A series of observations on the border of Ukraine and Slovakia are unaccounted for by both countries, despite falling within the iNat borders designated for Ukraine

Platform: Website

URLs (aka web addresses) of any relevant observations or pages:

Description of problem:
I have a series of observations on the border between Ukraine and Slovakia that are not displayed in the search results for either country. I was expecting that both imprecise iNat polygons are simply not covering this area. However, these observations are actually within the polygon designated for Ukraine on iNat (place_id=8860), 1 km deep (but in reality it’s right on the border), so it’s something else.

Interesting. I can replicate this and verify that it is happening.

The observation location states it’s in Ukraine, but when it is searched for via the place with user and species filters on it does not show up.

As it’s not a new observation it should not be a result of lag in the site updating its information.

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I have found this to occur when the precision of the observation location meant it could be in either place.


did you already try forcing a reindex on the observation by, say, updating one of the Data Quality Assessment flags?

Yes, the accuracy circle clearly extends across the border for the observation, so this is most likely the issue.

this shouldn’t matter for “standard” places.

you’re right. it actually looks like the system’s boundaries for Ukraine & Slovakia really don’t include the observation. in other words, if anything can be fixed, it would have to be those boundaries.

here’s a map showing the observation within Transcarpathia, UA (the level 2 administrative region within level 1 Ukraine):

here’s another map showing the boundary of Ukraine here (note how it fails to include the spot where the observation would be):

here’s another map showing the boundary of Slovakia here (note how it also fails to include the spot where the observation would be, and note how it complements the boundary for Transcarpathia but not for Ukraine):

the place polygon boundaries that you see in the Explore page on the website are simplified. so you can’t always rely on those as providing a true representation of the boundaries stored in the system. the map tiles (as show in the maps above) provide a better representation of the true place boundaries stored in the system.


Thank you for explanation! I’ll simply move observations several meters to the south and will increase accuracy range, already tested that it works, observations starting to appear in the search right after moving, even without delay. But it’s a shame that precise matching polygons are not used even for countries on iNat. There is probably a lot of such “lost” iNat observations on the national level around the world.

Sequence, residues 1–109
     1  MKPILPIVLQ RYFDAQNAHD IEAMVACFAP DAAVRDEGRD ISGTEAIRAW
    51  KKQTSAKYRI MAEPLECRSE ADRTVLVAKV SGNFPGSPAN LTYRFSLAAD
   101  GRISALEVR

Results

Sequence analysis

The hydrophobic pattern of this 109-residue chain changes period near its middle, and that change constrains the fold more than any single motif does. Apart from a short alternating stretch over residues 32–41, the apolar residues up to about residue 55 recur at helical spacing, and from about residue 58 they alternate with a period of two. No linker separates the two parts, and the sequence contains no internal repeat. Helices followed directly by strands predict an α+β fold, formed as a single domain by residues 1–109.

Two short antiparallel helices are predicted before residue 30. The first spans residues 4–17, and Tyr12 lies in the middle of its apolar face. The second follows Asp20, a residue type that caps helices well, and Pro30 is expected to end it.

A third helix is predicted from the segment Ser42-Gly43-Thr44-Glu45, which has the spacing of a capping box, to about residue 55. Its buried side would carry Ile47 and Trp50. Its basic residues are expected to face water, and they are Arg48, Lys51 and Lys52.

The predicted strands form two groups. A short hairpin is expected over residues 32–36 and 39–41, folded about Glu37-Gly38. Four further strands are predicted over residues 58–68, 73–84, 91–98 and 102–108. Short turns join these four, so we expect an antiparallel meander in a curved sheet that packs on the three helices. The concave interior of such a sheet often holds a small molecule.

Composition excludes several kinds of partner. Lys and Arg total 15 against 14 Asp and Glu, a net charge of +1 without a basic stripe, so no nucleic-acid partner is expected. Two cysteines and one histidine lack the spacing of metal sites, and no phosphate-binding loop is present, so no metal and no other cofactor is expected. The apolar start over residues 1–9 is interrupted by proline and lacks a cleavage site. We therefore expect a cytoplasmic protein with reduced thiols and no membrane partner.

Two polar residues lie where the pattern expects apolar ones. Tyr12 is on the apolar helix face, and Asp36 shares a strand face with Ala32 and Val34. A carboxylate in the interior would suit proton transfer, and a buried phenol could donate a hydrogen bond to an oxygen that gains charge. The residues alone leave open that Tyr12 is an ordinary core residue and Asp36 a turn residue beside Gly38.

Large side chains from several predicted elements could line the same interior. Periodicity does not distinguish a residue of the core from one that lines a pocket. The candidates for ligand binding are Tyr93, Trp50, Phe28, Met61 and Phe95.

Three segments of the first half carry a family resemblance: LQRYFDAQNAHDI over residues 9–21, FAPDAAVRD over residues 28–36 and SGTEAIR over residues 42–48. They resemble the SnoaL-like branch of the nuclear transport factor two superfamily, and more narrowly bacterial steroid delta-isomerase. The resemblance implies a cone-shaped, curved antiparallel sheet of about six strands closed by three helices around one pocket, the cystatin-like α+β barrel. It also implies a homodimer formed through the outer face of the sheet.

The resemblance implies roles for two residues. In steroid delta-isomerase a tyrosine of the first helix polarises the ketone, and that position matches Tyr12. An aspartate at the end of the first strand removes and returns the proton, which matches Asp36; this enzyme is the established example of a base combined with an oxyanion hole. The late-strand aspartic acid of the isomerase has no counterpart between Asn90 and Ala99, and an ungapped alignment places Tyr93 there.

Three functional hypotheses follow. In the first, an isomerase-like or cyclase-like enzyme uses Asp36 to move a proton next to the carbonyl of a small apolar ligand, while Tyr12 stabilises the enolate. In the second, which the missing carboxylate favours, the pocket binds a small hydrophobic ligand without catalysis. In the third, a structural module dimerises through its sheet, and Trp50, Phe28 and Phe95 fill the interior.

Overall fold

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yes, unfortunately, the boundaries in iNat can be a little odd in places. i guess the best we can do for now is to wait and hope that one day the boundaries will be updated to address all the different problems that have been pointed out since the last update (especially North America).

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Is this an iNat issue or something with the source of the polygons for the standard places? I was under the impression that these were derived from another source. I think @jwidness is familiar with some of this.

It’s as pisum said – the shapes came from GADM a while ago, and iNat simplified them on import. iNat then simplified them again, so what you see on Explore isn’t actually what determines whether an observation is in a place or not. Standard places haven’t been updated or corrected in a long time because it would be an extremely computationally expensive process.

“Precise” is relative. iNat’s shapes are far more precise than, e.g. this map:

It’s about striking a balance between file size/computation time, and fine-scale validity (i.e. the more correct it is at a fine scale, the larger the file and longer the computation time), and while I’m sure there are quite a few misplaced observations, they represent only a small fraction of iNat’s total number of observations. (To be clear, I agree that misplaced observations can be extremely frustrating, especially in geopolitically sensitive locations.)


the thing that’s surprising to me is that there are gaps between the neighboring polygons, and that parent and child polygons have different common boundaries. even if you simplify the boundaries, i would have thought that that process would have been done in a way that preserved common boundaries across relatives and neighbors.


As far as I understand it, the processing iNat originally did was supposed to create seamless boundaries. I don’t know where or why it went wrong :woman_shrugging: